Using an acrostic to insult your professor

A colleague of mine whose name shall remain a secret until they reveal it themselves, told me the following story about a Ph.D. student and his professor. Certainly, it is one of the best stories on writing I have heard in a long time and I hope you will like it too.

Recently, this candidate graduated from our university, although I think he wouldn’t have, if the committee head read his dissertation more carefully. Our candidate was so annoyed with the quality of the guidance his professor gave him that he decided to hide a message in the first part of his conclusions section as an acrostic.

Some of you may not know what an acrostic is, so I here is a really simple explanation. The acrostic is a text in which the first letter of every word, line or sentence you write is the next letter of a new word or sentence, rather like this post in fact, just read the first letter of every sentence, together they make up a word.

It must have been really difficult for our candidate to write this message while still maintaining good academic quality of the text, but apparently it worked, because nobody noticed anything peculiar about the text. Certainly, he must have been rather nervous during the defense of his thesis, because he had manipulated the first twenty-two sentences of his conclusions to make the first letters of every sentence say “my professor is an asshole”.

(No, students in my class, don’t try this on me, please. I am sure I will fail your test!)

Author: Bob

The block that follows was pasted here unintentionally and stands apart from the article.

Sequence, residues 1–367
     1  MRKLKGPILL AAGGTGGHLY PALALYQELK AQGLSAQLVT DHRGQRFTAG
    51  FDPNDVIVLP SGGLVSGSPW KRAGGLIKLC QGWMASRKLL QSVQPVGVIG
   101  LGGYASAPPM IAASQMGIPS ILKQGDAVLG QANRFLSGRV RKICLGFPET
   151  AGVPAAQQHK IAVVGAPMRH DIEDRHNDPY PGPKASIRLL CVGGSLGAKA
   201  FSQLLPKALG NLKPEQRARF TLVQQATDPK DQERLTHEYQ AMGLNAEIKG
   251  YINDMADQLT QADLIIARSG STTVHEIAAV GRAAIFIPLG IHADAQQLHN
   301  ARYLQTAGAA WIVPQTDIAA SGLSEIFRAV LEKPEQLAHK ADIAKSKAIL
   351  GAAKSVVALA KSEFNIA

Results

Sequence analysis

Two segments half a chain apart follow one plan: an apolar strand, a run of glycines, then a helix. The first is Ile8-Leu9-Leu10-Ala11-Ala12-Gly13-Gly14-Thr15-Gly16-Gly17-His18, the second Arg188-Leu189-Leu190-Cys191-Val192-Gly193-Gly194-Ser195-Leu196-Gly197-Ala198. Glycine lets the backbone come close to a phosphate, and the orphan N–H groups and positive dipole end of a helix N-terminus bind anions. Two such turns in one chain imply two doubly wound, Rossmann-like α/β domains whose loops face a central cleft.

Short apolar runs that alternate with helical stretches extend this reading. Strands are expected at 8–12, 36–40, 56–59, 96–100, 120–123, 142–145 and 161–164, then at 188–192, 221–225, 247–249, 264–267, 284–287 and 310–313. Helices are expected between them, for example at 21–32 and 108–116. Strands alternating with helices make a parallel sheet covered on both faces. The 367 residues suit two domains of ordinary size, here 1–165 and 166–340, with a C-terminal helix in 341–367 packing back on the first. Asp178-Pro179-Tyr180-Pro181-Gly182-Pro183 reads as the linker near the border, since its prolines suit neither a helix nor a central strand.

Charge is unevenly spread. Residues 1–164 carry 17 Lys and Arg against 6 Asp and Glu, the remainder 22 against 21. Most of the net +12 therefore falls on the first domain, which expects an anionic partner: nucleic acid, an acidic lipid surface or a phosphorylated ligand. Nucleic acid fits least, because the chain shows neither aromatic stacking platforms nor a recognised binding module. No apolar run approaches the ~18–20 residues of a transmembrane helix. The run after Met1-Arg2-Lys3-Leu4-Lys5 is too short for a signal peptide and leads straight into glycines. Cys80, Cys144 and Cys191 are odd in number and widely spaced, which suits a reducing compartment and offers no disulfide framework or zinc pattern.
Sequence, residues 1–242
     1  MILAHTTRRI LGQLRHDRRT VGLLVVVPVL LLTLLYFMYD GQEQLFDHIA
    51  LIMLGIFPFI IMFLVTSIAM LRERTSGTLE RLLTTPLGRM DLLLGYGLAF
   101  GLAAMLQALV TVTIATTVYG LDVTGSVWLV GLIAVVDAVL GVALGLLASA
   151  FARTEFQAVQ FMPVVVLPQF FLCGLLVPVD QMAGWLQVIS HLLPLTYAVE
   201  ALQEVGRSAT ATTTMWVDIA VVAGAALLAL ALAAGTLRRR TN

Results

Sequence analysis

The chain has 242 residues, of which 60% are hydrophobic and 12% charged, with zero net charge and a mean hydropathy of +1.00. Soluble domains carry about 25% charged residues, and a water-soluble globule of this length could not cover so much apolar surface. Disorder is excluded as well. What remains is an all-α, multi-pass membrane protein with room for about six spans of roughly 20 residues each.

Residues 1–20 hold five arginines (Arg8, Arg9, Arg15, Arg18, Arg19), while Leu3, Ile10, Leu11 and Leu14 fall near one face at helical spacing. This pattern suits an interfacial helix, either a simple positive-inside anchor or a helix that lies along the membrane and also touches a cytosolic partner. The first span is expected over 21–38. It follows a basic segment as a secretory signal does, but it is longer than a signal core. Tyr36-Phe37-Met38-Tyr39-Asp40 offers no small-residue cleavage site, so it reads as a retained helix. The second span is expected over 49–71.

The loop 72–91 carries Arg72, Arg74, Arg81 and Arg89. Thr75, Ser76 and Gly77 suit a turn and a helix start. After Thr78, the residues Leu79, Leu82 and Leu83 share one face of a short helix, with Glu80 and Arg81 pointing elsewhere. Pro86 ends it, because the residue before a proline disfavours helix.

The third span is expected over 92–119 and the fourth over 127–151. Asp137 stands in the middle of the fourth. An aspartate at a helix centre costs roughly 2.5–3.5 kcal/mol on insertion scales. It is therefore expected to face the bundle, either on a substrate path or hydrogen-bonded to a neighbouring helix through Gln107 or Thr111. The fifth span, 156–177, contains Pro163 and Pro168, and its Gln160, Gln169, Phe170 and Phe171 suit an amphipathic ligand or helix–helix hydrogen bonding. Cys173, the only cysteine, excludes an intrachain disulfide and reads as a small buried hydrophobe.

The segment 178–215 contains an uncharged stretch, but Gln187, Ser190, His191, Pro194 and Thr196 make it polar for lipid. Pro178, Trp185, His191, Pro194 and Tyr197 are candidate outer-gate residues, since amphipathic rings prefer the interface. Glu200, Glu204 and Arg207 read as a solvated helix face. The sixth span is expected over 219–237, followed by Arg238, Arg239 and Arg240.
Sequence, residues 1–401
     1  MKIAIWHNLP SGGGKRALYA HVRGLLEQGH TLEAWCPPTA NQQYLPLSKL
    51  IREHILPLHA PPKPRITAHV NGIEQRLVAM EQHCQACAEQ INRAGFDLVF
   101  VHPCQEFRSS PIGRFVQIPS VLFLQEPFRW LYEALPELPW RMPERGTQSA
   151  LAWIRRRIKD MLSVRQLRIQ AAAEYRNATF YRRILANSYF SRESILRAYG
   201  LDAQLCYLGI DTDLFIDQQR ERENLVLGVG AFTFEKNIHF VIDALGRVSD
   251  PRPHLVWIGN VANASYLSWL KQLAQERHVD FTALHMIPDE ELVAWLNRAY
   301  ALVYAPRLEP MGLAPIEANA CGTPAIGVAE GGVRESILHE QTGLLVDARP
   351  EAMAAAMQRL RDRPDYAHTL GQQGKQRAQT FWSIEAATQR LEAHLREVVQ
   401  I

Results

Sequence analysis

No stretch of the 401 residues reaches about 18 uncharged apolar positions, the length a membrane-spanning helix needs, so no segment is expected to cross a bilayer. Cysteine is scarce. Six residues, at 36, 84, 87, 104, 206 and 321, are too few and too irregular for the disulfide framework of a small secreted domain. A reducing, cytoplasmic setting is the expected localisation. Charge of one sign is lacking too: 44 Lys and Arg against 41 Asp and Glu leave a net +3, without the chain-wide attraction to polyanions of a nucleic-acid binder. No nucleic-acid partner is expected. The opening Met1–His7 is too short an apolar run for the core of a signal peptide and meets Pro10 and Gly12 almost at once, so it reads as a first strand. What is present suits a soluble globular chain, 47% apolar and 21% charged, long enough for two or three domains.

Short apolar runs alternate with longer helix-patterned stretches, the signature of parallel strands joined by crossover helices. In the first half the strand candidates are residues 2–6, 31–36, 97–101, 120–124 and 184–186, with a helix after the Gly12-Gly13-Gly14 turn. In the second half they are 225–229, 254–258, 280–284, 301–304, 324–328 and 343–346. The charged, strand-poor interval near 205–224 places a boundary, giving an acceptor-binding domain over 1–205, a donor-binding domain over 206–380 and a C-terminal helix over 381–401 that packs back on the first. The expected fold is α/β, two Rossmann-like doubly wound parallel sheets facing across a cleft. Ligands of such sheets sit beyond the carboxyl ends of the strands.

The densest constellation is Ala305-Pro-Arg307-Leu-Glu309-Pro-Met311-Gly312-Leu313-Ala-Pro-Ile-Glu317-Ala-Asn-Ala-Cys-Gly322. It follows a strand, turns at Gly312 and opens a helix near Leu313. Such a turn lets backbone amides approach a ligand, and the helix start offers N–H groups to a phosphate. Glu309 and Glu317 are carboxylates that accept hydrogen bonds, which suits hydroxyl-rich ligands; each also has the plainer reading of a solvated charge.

Bob’s teaching career started at Nijenrode University, where he taught business English to students dressed either in expensive suits or track gear, who would literally jump in and out of his classroom through the window. Thankfully, it was located on the ground floor. After two years, the quickly growing Netherlands Institute of Tourism and Transport Studies employed him, first as a teacher of English, later as head of the English department. Nine years later, Delft University of Technology, which was dealing with more and more international students, was looking for a skills teacher who could teach in Dutch and in English. Since then, Bob has had the best job a skills teacher can have. He teaches students from all faculties: from Aerospace Engineering to Architecture and everything in between. Bob is head of the English department, he teaches Academic Skills, Intercultural Communication and English as a Foreign Language and he is co-author of Presentation Techniques (isbn 978

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